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Welcome to country transcript

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Transcript: Welcome to country video

MATILDA HOUSE: NGAMBRI ELDER: Welcome to Ngambri country. I am the daughter, granddaughter, and a great-great granddaughter of this land, and I welcome you here. The land of my ancestors.

DANIEL WILLIAMS: This is the place where we share stories, our dreaming. I love to share my knowledge, and my stories, and my beliefs. Welcome to my ancestral country. This is the place of the Ngambri people.

PAUL HOUSE, NGAMBRI: [speaks in Indigenous language]

SELINA WALKER, NGUNNAWAL: The tradition of welcoming the people to country is a practice that was handed down by ancestors, old people, and elders, from the beginning of time. Before entering another person's country, you would first announce your arrival, and not enter until a traditional owner formally welcomed you.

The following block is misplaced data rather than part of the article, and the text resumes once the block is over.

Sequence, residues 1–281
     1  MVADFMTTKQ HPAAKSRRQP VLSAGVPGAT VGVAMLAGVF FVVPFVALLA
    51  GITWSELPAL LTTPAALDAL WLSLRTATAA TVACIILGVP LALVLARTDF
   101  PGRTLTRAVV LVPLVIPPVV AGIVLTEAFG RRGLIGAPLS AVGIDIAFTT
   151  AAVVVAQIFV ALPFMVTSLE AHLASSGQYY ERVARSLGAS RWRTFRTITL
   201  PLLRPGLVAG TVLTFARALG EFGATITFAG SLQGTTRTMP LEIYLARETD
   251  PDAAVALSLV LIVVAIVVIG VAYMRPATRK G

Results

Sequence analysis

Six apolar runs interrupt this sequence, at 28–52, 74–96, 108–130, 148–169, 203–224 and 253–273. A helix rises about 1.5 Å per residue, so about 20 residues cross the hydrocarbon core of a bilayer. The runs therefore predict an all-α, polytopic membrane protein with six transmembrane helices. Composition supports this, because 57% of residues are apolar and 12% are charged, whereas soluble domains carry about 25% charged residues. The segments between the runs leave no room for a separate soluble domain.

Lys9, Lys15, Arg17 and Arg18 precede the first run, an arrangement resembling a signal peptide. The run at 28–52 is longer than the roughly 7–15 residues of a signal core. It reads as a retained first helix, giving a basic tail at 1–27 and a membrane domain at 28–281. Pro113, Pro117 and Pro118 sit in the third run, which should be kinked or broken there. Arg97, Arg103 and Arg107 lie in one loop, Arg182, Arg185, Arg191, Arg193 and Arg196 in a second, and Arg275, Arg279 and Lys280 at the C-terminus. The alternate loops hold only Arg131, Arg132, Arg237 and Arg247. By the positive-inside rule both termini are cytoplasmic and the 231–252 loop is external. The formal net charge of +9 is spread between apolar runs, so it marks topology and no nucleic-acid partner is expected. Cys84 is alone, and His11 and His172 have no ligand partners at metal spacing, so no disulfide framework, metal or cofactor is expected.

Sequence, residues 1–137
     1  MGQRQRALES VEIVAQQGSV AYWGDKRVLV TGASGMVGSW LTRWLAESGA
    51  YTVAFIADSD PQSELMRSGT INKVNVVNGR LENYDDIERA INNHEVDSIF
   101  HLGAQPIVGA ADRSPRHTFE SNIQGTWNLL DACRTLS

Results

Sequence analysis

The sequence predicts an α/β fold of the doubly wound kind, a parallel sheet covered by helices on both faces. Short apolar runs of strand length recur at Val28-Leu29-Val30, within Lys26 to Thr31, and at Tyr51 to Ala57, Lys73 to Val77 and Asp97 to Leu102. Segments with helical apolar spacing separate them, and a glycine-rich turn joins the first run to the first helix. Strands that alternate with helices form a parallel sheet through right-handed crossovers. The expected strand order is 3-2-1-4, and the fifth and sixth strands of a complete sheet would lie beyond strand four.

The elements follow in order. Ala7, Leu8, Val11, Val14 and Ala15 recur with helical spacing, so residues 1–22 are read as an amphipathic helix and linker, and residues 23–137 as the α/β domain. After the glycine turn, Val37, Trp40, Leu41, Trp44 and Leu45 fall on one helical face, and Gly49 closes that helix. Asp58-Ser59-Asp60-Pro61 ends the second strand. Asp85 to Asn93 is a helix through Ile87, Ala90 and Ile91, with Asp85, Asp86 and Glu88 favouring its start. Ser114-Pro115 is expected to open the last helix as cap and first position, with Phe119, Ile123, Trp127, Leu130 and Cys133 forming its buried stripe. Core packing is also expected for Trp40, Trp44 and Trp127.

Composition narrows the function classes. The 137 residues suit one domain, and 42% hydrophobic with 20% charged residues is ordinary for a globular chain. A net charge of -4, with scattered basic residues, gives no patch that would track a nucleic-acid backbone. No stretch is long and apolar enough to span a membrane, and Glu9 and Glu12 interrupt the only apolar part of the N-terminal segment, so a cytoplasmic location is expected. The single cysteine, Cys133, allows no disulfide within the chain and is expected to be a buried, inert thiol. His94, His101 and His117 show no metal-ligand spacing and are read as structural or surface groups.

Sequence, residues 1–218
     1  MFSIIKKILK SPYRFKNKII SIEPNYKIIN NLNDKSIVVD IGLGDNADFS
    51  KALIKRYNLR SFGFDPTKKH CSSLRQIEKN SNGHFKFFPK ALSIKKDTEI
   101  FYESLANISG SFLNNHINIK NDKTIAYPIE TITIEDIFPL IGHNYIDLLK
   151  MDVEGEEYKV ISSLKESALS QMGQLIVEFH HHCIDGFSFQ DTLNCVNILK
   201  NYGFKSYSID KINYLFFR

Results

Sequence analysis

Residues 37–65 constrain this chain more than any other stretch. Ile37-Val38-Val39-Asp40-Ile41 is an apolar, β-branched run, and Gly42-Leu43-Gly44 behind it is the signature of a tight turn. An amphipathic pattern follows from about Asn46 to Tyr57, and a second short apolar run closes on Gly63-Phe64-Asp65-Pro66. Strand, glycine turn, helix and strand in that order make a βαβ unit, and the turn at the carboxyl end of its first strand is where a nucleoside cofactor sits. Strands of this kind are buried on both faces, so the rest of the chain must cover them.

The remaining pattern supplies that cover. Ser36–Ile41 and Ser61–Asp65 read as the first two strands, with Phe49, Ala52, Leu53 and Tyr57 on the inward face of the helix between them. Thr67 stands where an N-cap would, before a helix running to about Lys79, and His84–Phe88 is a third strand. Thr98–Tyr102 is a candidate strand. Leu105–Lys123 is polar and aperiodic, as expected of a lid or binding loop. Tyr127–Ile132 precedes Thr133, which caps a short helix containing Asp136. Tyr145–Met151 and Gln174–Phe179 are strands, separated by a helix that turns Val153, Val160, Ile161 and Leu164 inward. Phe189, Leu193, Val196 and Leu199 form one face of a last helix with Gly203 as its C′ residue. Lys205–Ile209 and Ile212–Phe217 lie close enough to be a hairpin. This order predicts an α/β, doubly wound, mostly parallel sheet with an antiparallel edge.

This was to protect your spirit while seeing another person's country, and also to show respect for the country which you are entering. So, in the words of my people [speaks in Indigenous language] which means you may leave footprints on our land, or in other words, welcome to country.

WALLY BELL, NGUNAWAL ELDER: [speaks in Indigenous language]. In language that is: this is Ngunawal, country, and welcome. My people, the Ngunawal, are the traditional custodians for Canberra and surrounding areas in New South Wales, a country that's been occupied for at least 21,000 years.

It's important to us that you recognise that this is Ngunawal country, and understand and appreciate how significant the land is to us as aboriginal people. Country to us, holds a strong connection. We belong to the country, to the land.

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